However, “trial judges retain wide latitude insofar as the Confrontation Clause is concerned to impose reasonable limits on such cross-examination based on concerns about, among other things, harassment, prejudice, confusion of the issues, the witness’ safety, or interrogation that is repetitive or only marginally relevant.” Delaware v. Van Arsdall, 475 U.S. 673, 679, 106 S.Ct. 1431, 1435 (1986); see also Hamling v. United States, 418 U.S. 87, 127, 94 S.Ct. 2887, 2912-13 (1974) (holding that district courts have considerable latitude to reject cumulative evidence). Further, district courts possess wide latitude to impose reasonable limits on the cross-examination of a prosecution witness. State v. Lanz-Terry, 535 N.W.2d 635, 639 (Minn. 1995).
Minn. R. Evid. 403 states that:
[a]lthough relevant, evidence may be excluded if its probative value is substantially outweighed by the danger of unfair prejudice, confusion of the issues, or misleading the jury, or by considerations of undue delay, waste of time, or needless presentation of cumulative evidence.
Here, the district court limited the scope of Brennan’s cross-examination because it found that questioning Brennan about the Intoxilyzer 5000 manual would be cumulative. Brennan testified that mouth alcohol dissipates within a matter of seconds and that the Intoxilyzer 5000 would reject the sample if it detected mouth alcohol, requiring the start of a new observation period. Appellant argues that, because the manual states that the “operator must be certain that at least 15 minutes have elapsed to ensure that mouth alcohol has dissipated,” cross-examination from the manual would have impeached the officer’s testimony that mouth alcohol takes just seconds to dissipate. The district court ruled that further questioning Brennan about the manual would have been just cumulative evidence. Brennan previously testified that the testing procedures concerning contamination were not followed because he did not witness appellant burp and/or regurgitate.
This is a close question, and, generally, trial errors are not made by allowing a criminal defendant substantial leeway on cross-examination. The errors are made when the constitutional right to cross-examination is impinged on. Having said that, we note that appellant’s attorney was only prohibited from asking further questions about the Intoxilyzer 5000 manual. His attorney was permitted to question Brennan about the Intoxilyzer test. Appellant’s attorney was allowed to question Brennan about how the machine works and how he administered the test to appellant. His attorney was able to cross-examine Brennan about his training and certification concerning the Intoxilyzer 5000. Appellant’s attorney was also allowed to ask Brennan if he used a manual during his training of the Intoxilyzer 5000. His attorney then specifically questioned Brennan about the observation period and why it is important. Appellant’s attorney also asked Brennan about the procedures involved in administering the test when a person burps or regurgitates during testing. Furthermore, in his closing argument, defense counsel was allowed to argue that appellant’s acid reflux (through appellant’s burping and regurgitation) affected the test results and that the Intoxilyzer 5000 would not necessarily invalidate a sample if it detected mouth alcohol. We conclude that appellant was not impermissibly limited in his opportunity to cross-examine the state’s witnesses on relevant issues.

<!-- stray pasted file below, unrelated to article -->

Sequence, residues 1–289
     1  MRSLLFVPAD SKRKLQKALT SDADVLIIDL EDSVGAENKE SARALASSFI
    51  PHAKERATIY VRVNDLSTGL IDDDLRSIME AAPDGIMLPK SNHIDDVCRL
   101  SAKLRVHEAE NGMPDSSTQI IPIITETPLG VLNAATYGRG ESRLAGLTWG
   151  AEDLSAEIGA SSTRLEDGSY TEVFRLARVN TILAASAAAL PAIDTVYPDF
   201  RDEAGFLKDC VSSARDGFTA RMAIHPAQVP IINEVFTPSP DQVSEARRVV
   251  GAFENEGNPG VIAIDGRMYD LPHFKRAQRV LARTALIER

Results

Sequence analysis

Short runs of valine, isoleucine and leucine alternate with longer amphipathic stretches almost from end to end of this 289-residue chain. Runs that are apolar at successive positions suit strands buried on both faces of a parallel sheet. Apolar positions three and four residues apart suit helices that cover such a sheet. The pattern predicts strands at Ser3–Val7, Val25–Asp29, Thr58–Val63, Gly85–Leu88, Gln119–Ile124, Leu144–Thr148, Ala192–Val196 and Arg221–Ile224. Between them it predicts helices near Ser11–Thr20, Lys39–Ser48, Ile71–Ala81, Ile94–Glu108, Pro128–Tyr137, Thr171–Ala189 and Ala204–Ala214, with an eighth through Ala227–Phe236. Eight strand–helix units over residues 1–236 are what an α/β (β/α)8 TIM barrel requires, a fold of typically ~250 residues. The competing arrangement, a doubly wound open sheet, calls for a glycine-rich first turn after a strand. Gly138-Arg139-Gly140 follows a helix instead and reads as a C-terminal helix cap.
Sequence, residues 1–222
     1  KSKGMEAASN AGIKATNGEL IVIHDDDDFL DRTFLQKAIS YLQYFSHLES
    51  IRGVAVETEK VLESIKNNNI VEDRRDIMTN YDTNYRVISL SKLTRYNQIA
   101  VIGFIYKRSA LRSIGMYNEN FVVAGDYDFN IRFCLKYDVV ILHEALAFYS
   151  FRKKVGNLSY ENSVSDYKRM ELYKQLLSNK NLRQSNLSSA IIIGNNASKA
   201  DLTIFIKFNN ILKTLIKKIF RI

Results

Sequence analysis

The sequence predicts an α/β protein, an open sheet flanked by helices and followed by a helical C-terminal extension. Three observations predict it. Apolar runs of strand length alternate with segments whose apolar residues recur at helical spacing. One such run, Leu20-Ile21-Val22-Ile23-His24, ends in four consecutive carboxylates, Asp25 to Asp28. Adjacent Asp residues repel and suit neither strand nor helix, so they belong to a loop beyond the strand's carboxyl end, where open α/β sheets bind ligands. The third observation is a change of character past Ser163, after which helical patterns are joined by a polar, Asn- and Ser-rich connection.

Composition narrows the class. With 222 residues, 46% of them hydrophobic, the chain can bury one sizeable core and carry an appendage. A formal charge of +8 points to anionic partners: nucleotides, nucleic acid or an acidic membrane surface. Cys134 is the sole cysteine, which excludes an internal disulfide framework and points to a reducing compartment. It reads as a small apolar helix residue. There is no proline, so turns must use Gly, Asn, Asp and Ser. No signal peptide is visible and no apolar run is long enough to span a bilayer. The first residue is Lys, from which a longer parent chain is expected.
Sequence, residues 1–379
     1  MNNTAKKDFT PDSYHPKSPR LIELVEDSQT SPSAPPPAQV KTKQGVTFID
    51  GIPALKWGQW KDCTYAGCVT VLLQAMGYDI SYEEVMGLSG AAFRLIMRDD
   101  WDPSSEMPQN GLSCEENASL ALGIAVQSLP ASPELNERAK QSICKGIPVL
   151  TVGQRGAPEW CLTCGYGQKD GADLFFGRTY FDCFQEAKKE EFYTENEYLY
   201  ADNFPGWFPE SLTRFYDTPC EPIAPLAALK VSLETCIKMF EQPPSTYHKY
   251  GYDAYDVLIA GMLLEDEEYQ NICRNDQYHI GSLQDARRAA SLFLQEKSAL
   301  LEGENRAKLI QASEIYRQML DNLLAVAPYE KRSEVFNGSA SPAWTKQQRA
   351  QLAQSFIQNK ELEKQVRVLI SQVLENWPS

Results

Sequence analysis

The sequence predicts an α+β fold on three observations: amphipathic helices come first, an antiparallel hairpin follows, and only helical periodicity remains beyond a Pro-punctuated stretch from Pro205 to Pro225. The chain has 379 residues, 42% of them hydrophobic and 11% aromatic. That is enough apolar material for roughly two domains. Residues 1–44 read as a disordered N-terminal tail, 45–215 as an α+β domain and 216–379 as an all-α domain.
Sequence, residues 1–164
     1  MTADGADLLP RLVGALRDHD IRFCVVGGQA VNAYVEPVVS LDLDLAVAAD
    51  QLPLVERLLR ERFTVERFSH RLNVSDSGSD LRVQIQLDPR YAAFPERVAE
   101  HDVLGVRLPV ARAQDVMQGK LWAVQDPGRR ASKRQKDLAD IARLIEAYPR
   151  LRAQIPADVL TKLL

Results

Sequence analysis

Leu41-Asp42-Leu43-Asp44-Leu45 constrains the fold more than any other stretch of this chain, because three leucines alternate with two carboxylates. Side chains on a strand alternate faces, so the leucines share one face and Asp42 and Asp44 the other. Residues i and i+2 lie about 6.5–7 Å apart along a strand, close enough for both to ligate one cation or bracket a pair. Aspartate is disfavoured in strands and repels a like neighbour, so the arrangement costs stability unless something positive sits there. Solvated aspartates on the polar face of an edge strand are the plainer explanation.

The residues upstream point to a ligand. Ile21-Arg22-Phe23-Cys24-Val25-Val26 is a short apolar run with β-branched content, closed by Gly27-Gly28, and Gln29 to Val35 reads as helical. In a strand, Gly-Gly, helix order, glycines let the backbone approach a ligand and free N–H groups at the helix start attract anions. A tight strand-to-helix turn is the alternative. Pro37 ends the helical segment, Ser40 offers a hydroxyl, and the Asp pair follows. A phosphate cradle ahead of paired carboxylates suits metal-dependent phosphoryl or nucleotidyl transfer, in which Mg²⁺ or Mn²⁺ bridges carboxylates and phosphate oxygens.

B. Harmless Error
Appellant argues the district court’s decision to limit the scope of Brennan’s cross-examination by refusing to allow questioning about the Intoxilyzer manual was prejudicial error. If the district court has erred in excluding defense evidence, the error is harmless only if this court is “satisfied beyond a reasonable doubt that if the evidence had been admitted and the damaging potential of the evidence fully realized, an average jury (i.e., a reasonable jury) would have reached the same verdict.” State v. Post, 512 N.W.2d 99, 102 (Minn. 1994) (footnote omitted). The “correct inquiry is whether, assuming that the damaging potential of the cross-examination were fully realized, a reviewing court might nonetheless say that the error was harmless beyond a reasonable doubt.” State v. Pride, 528 N.W.2d 862, 867 (Minn. 1995) (quoting Delaware v. Van Arsdall, 475 U.S. 673, 680, 106 S. Ct. 1431, 1436 (1986)). The factors to consider in assessing the harm are the extent of the cross-examination otherwise allowed, the importance of the witness’s testimony to the prosecution’s case, whether the testimony was cumulative, the presence or absence of corroborating or conflicting testimony on material points, and the overall strength of the prosecution’s case. Id.
As stated before, the district court allowed appellant to argue that his acid reflux affected the Intoxilyzer’s test results. Appellant was also permitted to question Brennan about the testing procedures regarding contamination. Brennan testified that he did not follow the procedures concerning contamination because he did not observe appellant burp or regurgitate. Appellant failed to provide any evidence, other than his own testimony, that he burped and/or regurgitated and, thus the direct results could have been affected. We conclude that even if the district court erred by preventing defense counsel from questioning Brennan about the contents of the Intoxilyzer manual, the error was harmless beyond a reasonable doubt.